Live Review: Wolf & Cub

15 April 2012 | 11:11 am | Jessie Hunt

You can’t replace the energy and sheer forcefulness they generate in a live setting.

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Goodgod's danceteria was the perfect place for Wolf & Cub's launch of their double A-side single: the darkness was forgiving, the sound was perfect and the whole evening had this kind of dirty-little-secret intimacy – probably brought on by the fact that all the bands were close enough to touch and the venue feels like some kind of tucked-away evil lair that only moonlights as a music venue.

In a world of empty words and vacuous promises, Machine played an entirely wordless set. That's right. They took to the stage in silence and played a set of strange, synthesised drumbeats and looping, hypnotic harmonies. Watching their set was a strange experience – like watching a foreign language television show, full of incredibly bright, neon colours and electric explosions, but without being able to understand any of it. However, this reviewer likes bright colours and flashing lights and electricity. This is a language worth listening out for.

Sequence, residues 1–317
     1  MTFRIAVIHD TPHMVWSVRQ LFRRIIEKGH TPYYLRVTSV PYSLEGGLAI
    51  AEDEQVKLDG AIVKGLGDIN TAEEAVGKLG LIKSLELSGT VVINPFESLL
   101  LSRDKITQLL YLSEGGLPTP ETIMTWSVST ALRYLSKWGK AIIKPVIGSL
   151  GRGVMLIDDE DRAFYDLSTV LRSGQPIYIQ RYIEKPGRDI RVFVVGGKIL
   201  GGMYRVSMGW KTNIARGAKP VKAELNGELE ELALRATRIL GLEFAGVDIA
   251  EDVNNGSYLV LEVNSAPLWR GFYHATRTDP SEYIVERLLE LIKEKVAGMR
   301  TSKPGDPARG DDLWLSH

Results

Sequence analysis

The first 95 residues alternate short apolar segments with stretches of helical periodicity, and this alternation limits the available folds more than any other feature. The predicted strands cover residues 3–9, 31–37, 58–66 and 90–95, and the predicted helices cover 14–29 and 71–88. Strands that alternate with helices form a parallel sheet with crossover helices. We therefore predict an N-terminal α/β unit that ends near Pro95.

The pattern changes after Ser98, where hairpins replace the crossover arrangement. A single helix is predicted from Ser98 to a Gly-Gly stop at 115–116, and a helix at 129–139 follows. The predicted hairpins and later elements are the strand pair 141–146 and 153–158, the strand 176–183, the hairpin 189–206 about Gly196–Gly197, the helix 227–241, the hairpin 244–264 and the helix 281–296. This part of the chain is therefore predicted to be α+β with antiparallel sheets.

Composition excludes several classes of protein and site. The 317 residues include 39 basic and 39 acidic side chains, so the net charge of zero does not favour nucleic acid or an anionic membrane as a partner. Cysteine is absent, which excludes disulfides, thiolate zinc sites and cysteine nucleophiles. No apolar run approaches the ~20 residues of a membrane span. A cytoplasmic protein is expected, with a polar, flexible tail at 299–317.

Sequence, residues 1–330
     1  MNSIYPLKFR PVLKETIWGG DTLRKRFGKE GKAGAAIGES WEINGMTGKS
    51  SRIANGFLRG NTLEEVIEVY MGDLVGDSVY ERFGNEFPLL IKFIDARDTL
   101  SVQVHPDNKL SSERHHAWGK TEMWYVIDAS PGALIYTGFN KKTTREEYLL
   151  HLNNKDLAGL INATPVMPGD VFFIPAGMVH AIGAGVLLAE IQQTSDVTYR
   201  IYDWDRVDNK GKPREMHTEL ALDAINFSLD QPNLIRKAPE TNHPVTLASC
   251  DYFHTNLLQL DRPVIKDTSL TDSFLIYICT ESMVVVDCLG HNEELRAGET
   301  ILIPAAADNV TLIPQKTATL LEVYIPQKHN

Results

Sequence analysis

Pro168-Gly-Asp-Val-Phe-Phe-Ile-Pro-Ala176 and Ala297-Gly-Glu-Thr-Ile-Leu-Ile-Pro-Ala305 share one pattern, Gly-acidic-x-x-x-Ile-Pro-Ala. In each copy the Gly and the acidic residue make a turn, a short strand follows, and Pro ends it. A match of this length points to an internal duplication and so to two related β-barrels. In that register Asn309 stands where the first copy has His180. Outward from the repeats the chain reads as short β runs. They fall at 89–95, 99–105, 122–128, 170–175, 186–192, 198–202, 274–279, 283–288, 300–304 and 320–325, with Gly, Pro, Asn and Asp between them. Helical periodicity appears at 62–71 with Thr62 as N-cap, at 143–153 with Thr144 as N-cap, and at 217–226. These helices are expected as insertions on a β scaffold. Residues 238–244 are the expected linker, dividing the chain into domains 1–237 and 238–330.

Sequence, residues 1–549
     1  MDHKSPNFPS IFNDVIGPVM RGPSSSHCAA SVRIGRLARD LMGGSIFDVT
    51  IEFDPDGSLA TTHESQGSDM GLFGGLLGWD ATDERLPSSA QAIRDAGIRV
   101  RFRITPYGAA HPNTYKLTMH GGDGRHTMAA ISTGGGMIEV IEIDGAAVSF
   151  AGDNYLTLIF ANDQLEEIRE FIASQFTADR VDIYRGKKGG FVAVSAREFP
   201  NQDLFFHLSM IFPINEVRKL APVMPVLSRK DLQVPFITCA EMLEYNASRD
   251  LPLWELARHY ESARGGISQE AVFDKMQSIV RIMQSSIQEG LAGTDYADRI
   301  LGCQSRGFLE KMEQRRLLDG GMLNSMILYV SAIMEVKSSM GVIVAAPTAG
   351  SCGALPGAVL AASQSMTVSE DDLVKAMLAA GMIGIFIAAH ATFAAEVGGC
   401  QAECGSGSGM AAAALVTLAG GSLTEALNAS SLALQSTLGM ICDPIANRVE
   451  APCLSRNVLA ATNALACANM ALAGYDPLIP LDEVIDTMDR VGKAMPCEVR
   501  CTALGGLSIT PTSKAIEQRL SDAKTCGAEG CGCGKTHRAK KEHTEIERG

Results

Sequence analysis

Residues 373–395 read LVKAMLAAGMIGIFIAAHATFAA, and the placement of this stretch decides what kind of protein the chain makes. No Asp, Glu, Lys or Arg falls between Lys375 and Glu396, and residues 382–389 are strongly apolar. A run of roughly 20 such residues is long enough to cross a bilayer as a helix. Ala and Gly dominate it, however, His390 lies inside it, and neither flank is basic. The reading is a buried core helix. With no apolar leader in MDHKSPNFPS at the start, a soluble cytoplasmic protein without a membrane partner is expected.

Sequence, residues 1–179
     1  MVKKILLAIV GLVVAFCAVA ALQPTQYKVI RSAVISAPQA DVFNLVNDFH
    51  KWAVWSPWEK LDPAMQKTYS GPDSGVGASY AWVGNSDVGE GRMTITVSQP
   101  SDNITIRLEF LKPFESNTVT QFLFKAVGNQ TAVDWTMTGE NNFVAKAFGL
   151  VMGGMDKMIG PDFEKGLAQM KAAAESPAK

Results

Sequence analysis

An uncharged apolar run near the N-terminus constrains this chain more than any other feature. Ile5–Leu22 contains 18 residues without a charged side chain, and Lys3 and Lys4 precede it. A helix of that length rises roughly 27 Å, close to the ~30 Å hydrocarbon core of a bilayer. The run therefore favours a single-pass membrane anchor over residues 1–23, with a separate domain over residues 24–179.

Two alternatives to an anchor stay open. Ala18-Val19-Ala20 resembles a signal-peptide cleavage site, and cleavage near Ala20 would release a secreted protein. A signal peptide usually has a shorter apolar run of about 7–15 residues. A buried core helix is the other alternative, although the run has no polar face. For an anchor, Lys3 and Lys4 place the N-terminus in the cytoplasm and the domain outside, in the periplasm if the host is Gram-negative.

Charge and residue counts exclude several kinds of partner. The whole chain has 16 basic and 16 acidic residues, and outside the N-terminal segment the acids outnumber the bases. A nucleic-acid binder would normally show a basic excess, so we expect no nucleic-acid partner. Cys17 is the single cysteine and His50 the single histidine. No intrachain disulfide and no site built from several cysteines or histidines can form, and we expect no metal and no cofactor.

The Sures are a young quartet and it'll be interesting to see how their sound develops. Though they err on the side of generic indie pop, keep an ear pricked as the year goes on, because one suspects these guys are only going to get better. They seem to combine a kind of humble showmanship with confident, assertive performances – their frontman graciously thanked Wolf & Cub for “letting us use their stuff”, just before launching neatly into a spirited rendition of their elegant track Poseidon.

The size of the crowd gathered for the Wolf & Cub set was probably amplified by the smallness of the venue, but then it's been some time since the Adelaide band has made the trip here. The little venue fitted the band perfectly, from the unassuming way in which they stepped on and off the stage, to the way in which their potent psychedelic sounds wrapped their way around the room. Wolf & Cub's sounds are reverb-laden and warm, whilst also featuring irresistible, pounding bass lines and mind-altering, trippy melodies.

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It was a night of new music and old music, of captivating performances built on vastly different styles and sounds. Though Wolf & Cub's tunes retain some of their magic once recorded, you can't replace the energy and sheer forcefulness they generate in a live setting. Hopefully it won't be another three years of waiting before the band venture back to Sydney.